It’s a Friday afternoon and a small group gathers on the steps of the DC Jewish Community Center’s Theater J. Peanut butter and jelly sandwiches are passed around as theater goers discuss their favorite plays in preparation for the matinee show they are about to attend. Theater J’s Director of Marketing Communications, Grace Overbeke, hands out programs as she gives a brief plot overview of the day’s show, “Andy and the Shadows.” “I think theater is a hugely important force in bringing people together,” she said. “It’s a really important part of community building.”
This is the idea between the partnership between Theater J and Miriam’s Kitchen, which offers guests of Miriam’s Kitchen the opportunity to engage in DC’s local theater scene free of charge. The collaboration began in August 2011 when Overbeke began working as a breakfast volunteer at Miriam’s Kitchen. Overbeke spoke with Deputy Director Catherine Crum about incorporating another aspect into Miriam’s art programming. “Miriam’s Kitchen already has a program called the studio series, but there wasn’t a theater division so Catherine and I were talking about how Miriam’s Kitchen guests could come to Theater J,” she said. Theater J began supplying 20 tickets to Friday matinee shows, which were available to any guest of Miriam’s Kitchen. Typically, two caseworkers attend the production in addition to the Miriam’s Kitchen guests and the group gathers before the show for lunch and discussion. According to Crum, Miriam’s Kitchen has attended every featured performance at Theater J for two season in a row. “We go to a lot of performances,” said theater goer and Miriam’s Kitchen guest Azar Jackson. “It’s just a way for the homeless to be able to experience something within the community.” On Friday May 3 guests attended a showing of “Andy and the Shadows,” a comedy being featured through Theater J’s Locally Grown festival which features work from local DC playwrights. “This is my first time seeing a play in a long time,” said Tariq Zayid El, who attended the show. “It was a very energizing and good experience; I got more out of it than I expected.”Guests of Miriam’s Kitchen were also able to attend a discussion with Theater J Artistic Director and playwright of the show, Ari Roth, when he visited the facility’s dining room on Monday. Veronica del-Cerro, one of the play’s actresses, attended as well.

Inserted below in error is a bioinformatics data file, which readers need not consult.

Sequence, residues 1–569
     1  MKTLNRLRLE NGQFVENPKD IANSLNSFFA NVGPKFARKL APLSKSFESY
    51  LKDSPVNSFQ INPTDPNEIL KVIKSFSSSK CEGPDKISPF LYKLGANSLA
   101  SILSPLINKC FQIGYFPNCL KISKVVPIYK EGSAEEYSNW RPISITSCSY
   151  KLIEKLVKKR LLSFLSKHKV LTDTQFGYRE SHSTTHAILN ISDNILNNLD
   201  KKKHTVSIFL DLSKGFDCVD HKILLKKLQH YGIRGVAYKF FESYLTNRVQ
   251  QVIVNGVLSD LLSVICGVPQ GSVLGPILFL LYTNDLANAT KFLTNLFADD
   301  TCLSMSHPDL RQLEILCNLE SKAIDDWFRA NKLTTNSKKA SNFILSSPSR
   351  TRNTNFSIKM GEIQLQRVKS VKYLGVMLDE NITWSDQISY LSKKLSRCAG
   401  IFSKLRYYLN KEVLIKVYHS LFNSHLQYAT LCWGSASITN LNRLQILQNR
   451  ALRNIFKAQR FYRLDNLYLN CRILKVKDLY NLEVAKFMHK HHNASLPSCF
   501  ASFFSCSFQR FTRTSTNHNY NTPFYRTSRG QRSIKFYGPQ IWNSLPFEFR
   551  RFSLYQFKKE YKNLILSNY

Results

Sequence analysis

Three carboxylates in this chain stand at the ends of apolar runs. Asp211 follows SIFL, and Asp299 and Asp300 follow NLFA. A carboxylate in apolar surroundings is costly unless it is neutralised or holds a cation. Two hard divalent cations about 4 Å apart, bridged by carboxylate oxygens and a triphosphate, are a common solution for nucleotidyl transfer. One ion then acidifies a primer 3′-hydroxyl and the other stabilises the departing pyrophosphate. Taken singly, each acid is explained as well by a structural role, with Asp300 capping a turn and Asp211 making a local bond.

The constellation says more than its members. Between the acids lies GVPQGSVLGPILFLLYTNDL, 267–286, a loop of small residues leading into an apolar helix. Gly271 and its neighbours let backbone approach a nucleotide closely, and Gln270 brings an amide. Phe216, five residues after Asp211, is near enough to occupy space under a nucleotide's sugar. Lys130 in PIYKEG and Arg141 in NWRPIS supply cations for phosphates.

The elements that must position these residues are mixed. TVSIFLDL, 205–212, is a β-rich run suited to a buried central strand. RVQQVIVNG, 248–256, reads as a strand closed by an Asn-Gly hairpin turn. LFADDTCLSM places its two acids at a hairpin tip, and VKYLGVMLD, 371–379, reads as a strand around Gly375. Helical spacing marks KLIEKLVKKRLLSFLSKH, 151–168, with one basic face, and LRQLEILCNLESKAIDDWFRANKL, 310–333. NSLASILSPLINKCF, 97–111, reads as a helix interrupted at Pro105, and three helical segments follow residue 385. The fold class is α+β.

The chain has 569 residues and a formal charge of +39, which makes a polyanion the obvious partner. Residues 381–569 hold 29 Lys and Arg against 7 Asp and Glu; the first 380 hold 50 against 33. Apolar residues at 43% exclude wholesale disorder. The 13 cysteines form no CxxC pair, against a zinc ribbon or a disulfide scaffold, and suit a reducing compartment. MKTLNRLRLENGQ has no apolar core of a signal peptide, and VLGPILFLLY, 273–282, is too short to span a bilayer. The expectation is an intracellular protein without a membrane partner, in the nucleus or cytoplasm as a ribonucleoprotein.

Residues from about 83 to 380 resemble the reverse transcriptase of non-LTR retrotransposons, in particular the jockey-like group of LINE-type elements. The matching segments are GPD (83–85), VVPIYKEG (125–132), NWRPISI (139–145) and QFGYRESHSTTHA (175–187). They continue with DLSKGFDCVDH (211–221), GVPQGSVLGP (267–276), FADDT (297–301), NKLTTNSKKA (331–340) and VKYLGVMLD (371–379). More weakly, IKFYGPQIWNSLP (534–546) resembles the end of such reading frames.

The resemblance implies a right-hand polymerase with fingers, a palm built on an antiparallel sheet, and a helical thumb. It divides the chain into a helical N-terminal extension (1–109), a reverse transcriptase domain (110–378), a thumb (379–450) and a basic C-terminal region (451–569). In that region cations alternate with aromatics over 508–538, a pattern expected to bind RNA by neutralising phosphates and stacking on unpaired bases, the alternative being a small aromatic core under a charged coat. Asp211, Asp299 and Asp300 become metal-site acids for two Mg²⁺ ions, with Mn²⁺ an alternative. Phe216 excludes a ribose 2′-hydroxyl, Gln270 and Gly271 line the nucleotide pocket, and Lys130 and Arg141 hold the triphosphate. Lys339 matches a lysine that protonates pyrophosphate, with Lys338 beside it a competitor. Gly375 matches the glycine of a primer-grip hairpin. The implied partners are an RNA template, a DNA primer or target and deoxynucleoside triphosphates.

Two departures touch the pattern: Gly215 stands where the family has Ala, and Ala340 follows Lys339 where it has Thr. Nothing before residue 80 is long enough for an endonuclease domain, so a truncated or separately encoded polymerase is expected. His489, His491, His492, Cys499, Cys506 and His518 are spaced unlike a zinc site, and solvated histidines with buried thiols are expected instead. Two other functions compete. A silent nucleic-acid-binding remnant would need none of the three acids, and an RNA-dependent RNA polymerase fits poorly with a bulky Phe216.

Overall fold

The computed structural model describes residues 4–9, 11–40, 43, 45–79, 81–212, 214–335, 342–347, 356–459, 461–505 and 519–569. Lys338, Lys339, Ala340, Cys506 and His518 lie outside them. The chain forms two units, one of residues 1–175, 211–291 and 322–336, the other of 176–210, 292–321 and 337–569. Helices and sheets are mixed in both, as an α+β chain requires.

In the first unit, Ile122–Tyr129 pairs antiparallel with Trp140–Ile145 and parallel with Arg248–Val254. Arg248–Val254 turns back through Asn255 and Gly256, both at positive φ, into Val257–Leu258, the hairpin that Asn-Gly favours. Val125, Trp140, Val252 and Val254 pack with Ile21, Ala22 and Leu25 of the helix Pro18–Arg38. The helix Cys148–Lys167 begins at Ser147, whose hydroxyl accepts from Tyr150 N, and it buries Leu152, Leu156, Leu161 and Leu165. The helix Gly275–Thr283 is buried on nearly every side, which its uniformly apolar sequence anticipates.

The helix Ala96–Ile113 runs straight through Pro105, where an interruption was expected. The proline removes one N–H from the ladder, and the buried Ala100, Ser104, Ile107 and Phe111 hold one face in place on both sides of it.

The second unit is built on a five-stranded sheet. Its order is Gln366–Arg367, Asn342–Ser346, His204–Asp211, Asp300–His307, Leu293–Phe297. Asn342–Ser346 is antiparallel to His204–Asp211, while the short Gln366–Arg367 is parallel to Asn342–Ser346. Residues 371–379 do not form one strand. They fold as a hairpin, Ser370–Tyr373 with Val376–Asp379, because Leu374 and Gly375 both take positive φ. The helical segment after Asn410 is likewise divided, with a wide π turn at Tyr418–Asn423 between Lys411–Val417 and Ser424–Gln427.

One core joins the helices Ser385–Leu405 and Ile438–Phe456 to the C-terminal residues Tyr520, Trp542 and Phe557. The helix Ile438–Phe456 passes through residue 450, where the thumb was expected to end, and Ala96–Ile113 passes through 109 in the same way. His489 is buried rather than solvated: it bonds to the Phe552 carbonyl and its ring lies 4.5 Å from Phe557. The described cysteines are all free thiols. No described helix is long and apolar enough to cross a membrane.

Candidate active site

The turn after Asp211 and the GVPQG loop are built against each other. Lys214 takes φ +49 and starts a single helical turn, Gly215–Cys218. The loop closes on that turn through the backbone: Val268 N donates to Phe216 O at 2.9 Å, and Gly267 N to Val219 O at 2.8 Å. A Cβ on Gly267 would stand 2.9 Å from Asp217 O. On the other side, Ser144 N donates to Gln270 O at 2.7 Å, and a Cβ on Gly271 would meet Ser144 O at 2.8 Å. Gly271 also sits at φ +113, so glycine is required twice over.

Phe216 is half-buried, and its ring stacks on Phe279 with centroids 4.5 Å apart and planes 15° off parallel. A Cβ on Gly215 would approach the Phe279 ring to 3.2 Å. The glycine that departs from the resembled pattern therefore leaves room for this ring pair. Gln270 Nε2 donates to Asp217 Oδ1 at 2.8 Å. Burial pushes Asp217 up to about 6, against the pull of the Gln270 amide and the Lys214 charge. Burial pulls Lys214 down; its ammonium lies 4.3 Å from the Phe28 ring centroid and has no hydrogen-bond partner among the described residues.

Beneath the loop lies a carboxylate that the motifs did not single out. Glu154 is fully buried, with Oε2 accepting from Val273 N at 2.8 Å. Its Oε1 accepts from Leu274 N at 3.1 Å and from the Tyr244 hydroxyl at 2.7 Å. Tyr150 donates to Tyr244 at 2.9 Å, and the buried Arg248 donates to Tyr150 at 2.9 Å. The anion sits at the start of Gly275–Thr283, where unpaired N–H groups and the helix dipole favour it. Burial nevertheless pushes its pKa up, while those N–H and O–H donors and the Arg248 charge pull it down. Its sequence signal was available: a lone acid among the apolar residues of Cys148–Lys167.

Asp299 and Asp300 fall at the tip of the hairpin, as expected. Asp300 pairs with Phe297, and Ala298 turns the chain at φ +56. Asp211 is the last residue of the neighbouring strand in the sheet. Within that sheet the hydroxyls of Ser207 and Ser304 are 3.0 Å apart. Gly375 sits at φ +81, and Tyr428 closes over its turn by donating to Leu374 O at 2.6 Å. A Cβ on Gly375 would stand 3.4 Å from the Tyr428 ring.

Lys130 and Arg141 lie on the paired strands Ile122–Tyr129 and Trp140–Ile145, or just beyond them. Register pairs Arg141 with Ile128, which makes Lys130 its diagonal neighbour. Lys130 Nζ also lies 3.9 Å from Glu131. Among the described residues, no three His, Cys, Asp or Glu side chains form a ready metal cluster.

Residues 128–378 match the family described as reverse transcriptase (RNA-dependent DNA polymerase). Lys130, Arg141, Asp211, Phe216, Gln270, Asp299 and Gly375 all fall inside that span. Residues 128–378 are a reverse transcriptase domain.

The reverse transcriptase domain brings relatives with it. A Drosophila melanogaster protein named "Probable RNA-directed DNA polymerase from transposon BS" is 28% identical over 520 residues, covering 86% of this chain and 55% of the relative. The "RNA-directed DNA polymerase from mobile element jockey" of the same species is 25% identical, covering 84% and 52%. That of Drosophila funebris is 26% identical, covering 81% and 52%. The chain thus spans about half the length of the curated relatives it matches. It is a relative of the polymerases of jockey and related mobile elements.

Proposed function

“We had so many questions for them, and they were eager to hear our reactions to the play as well,” said Crum.
This represents another aspect of the Theater J and Miriam’s Kitchen partnership in which Overbeke brings in different actors, playwrights and directors from Theater J to lead a discussion. “That’s one of the many great things about our partnership – there’s a lot of give and take,” Crum said. “Our guests are definitely part of the dialogue on theater in DC.” Guests were able to sit down with Roth and discuss the play, asking questions and learning about his writing process.“It’s most valuable to me when it’s not just presenting a play to them; then there is no process,” said Roth. “When you get a chance to debrief and talk about it, people will reflect on the play.”
Roth also discussed his experience sharing such personal details of his own life through the character of Andy, which is roughly based on a younger version of himself.Some of the Miriam’s Kitchen guests were able to relate; Overbeke has held a writing program in which participants wrote their life stories which were later adapted for the stage and performed by actors at Theater J.“Grace asked us if we would mind having our life stories performed at a theater,” said El. “Writing helps me to open up and express myself.”
Perhaps the most important aspect of the partnership is the ability to provide all people with access to the theater, according to Roth.“It gives meaning to our production to know that we’re playing to all sectors of humanity,” he said. “Everyone is equal when they sit in that theater seat and they are just another member of the audience.”